Therefore, certain disadvantages associated with conventional techniques and procedures for obtaining oil samples are overcome by virtue of collecting the oil sample within the container and not requiring it to be removed there from for purposes of transporting the oil sample to a testing facility. As a result the chance of contact or exposure of an individual to the collected oil is significantly reduced or eliminated. In addition once the engine or machinery being maintained has been shut down, the oil sample contained within the container may be allowed to cool before the container and the collected oil sample is removed from the housing. This further increases the safety factor in reducing the possibility of harm to the individual collecting the oil sample.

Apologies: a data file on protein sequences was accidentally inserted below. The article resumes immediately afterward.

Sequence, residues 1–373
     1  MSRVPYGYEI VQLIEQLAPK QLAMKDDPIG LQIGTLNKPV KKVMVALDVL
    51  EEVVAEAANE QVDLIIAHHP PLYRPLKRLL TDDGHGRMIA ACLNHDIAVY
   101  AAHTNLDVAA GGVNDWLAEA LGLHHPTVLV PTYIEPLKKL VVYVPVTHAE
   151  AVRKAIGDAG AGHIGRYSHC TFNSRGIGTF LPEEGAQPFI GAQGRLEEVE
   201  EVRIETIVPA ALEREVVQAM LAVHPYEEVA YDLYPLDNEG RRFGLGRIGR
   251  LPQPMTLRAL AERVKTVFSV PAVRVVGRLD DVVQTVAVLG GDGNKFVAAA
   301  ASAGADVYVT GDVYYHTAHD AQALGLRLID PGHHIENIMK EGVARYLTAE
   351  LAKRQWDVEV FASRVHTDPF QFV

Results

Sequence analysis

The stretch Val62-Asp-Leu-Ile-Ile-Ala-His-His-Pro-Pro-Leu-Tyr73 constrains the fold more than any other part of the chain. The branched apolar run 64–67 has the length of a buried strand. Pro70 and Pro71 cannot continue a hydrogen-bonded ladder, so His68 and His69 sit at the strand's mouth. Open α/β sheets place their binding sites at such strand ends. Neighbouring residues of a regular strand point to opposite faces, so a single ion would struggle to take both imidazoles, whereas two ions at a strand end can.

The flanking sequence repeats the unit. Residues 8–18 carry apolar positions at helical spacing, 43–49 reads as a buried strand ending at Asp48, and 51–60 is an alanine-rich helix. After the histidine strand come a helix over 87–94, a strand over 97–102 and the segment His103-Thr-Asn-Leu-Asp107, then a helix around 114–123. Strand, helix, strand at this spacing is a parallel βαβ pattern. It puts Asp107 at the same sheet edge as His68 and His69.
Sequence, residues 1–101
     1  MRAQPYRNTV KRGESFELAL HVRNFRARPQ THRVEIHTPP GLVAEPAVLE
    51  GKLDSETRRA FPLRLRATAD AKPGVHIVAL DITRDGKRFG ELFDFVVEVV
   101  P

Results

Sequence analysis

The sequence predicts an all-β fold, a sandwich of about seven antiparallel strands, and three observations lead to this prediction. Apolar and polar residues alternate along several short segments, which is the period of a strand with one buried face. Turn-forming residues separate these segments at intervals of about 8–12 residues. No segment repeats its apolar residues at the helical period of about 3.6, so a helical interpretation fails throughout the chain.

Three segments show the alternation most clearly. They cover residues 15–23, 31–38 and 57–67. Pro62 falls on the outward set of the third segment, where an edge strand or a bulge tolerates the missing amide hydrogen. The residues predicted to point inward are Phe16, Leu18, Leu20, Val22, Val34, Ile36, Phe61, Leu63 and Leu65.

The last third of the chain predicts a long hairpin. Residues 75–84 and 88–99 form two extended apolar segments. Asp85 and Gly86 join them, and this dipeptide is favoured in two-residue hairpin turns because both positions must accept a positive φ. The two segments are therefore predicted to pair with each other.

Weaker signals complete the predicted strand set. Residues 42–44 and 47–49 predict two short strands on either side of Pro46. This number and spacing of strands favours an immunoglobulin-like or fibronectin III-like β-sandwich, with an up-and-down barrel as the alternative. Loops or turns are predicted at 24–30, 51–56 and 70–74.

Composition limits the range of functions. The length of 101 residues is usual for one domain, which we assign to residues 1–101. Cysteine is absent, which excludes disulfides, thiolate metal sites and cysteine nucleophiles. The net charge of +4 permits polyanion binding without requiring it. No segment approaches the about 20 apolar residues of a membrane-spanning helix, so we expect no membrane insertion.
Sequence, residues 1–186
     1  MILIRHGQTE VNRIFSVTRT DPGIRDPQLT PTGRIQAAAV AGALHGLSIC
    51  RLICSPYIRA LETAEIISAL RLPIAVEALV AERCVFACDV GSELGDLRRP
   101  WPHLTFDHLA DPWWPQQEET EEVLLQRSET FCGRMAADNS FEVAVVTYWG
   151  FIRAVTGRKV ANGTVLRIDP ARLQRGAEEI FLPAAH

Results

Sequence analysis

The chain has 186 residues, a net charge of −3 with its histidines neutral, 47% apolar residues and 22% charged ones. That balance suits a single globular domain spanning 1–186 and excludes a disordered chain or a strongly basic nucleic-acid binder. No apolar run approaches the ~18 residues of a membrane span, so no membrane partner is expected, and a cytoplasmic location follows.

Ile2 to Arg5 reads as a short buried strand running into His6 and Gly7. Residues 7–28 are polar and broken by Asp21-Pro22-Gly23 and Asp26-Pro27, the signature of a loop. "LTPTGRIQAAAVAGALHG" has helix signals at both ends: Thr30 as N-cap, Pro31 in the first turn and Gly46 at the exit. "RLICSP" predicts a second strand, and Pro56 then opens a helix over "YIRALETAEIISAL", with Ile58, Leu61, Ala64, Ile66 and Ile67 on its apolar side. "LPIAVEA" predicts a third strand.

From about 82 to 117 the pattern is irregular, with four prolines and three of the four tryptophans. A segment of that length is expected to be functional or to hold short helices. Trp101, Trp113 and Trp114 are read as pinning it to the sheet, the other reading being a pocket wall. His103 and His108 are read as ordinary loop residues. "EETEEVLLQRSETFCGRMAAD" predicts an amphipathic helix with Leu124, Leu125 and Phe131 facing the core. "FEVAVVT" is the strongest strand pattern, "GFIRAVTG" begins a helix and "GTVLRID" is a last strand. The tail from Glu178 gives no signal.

Another structural and operative feature of the sampling assembly of the present invention comprises the inclusion of a delivery device connected to the housing and directing oil flow from the inlet assembly directly to a predetermined contaminant collection portion on the interior of the container. More specifically, upon the shut down of the engine or machinery, oil within the interior of the container will come to rest resulting in a settling of any contaminants or other heavy material to a lower most portion of the container. This lower most portion may be more specifically described as the “contaminant collecting portion of the container.” Further, the delivery device is disposed in direct fluid interconnection between the inlet assembly and the contaminant collection portion of the container.